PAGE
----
Personal Hygiene: Elderly people should be encouraged to carry out their own personal hygiene routines as much as possible. This promotes independence and a sense of purpose in life. Even managing the smallest task is better than nothing at all. The safety issues in the bathroom should not be overlooked. Make sure there are no throw rugs that could create a risk of fall. A bath chair may be used to sit in the bathroom. The floor should not be slippery. The water temperature should be comfortable. Adaptive equipment such as holding showers can make bathing safer, because sometimes it may be difficult for the elderly to hold a mug full of water.
Dental Hygiene: The dental hygiene should also not to be overlooked. Other than brushing the teeth in the morning and night after having meal, they should be encouraged to rinse their mouth properly after eating anything. Dentures should be cleaned using warm water and anon-abrasive cleanser.
Social Activity: Loneliness leading to depression is quite common in old age. Encourage the elderly to remain socially active by involving themselves in certain activities/joining certain NGOs, spending time with friends, family, relatives etc. This will help utilising their lifelong experiences and maintain their physical and mental health.
Regular Health Checkups: The elderly should be encouraged for regular health checkups. They should undergo all the investigations at least once in a year. Any health problem can be managed properly if it is detected at its early stage.
Bowel Care: Constipation is one of the most frequent problems of the older people. It becomes a source of frustration if they do not pass stool in the morning. Encourage them to take high fibre diet, promote regular exercise, add stool softeners if required and little bit increase in fluid intake.
Urinary Care: The patient may have one or multiple urinary problems leading to disturbed urinary pattern, i.e., either incontinence (involuntary urine loss) or retention of urine. Establish toilet schedule every 2 hours, before and after activity, before and after meals, before and after sleep or rest periods, easy access to toilet, adequate fluid intake, avoid bladder irritants such as caffeinated beverages, alcohol and artificial sweeteners.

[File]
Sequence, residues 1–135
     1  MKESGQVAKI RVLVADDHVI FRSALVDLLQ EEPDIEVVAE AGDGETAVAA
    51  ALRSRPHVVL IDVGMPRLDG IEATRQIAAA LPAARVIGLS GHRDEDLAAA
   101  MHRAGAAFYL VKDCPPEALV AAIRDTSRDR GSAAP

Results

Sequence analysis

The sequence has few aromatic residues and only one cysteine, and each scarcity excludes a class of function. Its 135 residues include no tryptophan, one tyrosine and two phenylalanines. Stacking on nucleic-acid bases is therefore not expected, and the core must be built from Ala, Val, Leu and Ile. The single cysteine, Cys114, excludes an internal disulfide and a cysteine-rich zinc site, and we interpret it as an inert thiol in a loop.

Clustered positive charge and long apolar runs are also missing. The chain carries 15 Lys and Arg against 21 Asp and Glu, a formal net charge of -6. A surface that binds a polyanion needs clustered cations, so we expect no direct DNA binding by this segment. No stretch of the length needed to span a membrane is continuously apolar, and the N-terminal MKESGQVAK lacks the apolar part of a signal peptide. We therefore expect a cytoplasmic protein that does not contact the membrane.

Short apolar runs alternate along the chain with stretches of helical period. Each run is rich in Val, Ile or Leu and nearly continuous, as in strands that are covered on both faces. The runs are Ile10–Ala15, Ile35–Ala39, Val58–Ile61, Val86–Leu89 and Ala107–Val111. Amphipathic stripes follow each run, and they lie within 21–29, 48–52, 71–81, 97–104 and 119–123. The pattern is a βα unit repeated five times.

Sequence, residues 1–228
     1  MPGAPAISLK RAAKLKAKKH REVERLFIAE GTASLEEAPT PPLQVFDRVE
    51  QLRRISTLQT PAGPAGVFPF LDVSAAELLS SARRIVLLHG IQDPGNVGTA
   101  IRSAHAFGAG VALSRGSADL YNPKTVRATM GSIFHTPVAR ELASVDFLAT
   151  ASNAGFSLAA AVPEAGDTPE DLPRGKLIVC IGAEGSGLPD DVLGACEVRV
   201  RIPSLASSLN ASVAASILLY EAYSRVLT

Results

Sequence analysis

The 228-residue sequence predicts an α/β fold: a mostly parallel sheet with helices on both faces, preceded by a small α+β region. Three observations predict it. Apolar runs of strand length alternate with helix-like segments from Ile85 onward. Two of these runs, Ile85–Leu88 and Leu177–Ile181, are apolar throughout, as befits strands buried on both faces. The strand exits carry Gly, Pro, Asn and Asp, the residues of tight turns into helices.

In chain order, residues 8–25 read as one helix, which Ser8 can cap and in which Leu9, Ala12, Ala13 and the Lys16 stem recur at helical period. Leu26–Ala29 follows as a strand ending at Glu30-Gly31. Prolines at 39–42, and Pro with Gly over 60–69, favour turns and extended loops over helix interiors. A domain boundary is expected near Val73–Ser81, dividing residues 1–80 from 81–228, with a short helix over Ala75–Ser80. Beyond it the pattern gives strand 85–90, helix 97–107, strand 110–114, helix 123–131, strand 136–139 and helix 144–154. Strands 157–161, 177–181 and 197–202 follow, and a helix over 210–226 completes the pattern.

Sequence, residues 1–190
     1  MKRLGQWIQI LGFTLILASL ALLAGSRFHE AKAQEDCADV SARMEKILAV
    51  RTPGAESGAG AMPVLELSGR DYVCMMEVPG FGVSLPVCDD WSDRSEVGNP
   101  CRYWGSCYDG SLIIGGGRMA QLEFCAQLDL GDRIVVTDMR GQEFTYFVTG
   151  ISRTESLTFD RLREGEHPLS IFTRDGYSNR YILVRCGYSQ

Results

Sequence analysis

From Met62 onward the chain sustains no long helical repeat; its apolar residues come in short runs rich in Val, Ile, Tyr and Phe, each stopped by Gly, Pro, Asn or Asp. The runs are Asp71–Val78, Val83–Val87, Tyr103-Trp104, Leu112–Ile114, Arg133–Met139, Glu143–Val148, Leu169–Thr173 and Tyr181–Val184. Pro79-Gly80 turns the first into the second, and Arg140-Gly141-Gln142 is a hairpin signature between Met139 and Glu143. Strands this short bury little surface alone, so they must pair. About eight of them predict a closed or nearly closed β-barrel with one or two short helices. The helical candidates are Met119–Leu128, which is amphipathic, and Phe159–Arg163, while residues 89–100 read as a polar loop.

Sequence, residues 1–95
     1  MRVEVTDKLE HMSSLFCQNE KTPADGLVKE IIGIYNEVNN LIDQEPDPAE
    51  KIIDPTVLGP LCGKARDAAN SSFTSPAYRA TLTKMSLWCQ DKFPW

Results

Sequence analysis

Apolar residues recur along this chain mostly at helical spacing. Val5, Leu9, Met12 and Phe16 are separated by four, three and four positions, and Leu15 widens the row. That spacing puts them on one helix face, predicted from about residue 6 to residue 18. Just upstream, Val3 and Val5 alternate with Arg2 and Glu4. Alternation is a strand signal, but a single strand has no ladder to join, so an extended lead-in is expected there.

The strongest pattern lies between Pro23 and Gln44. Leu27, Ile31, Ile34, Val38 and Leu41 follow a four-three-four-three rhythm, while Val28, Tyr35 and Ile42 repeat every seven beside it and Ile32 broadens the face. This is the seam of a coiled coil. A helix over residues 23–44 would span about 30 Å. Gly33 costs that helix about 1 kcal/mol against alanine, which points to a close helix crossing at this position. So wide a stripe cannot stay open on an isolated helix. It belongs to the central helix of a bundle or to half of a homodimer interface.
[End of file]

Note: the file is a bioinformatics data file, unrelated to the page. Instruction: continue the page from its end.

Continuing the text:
Ensure Cautious Use of Medications: Administration of medication through various routes viz oral, intramuscular and intravenous carries a greatest risk especially for the elderly patients. Drugs can accumulate and reach toxic levels more quickly than in a younger person, further emphasizing the importance of increasing dose intervals. The kidneys, which are responsible for most drug excretion, experience decreased function as people age. Polymedication should be avoided as far as possible.
Nutritional Needs of the Elderly: Offer small and frequent meals. Three small meals are better than one large meal. The meals should be eaten at fixed and scheduled time. The number of calories should be considered. These should not be too much or too less. The diet should be balanced in terms of all food nutrients i.e. protein, fat, carbohydrates, vitamins, minerals and fibres. Fried, very spicy food, red meat, animal fat etc. should be avoided
Communicating with Elderly: It has been recognised as one of the most important aspects of nursing elderly people. Ineffective communication with elderly can lead to patients incompliance, disturbance in socialisation and some patient’s needs may be left unmet thereby creating and increasing stress on caregivers. Communicate respectfully and preserve patient dignity when performing physical care as well as when communicating.
Dr. Raies Ahmad ,HOD at KTC Hospital & Research Centre, Kashmir. BLS and ERTC Certified (Directorate of Health Services, Kashmir)
Life Member (Indian Red Cross Society), can be reached at firstname.lastname@example.org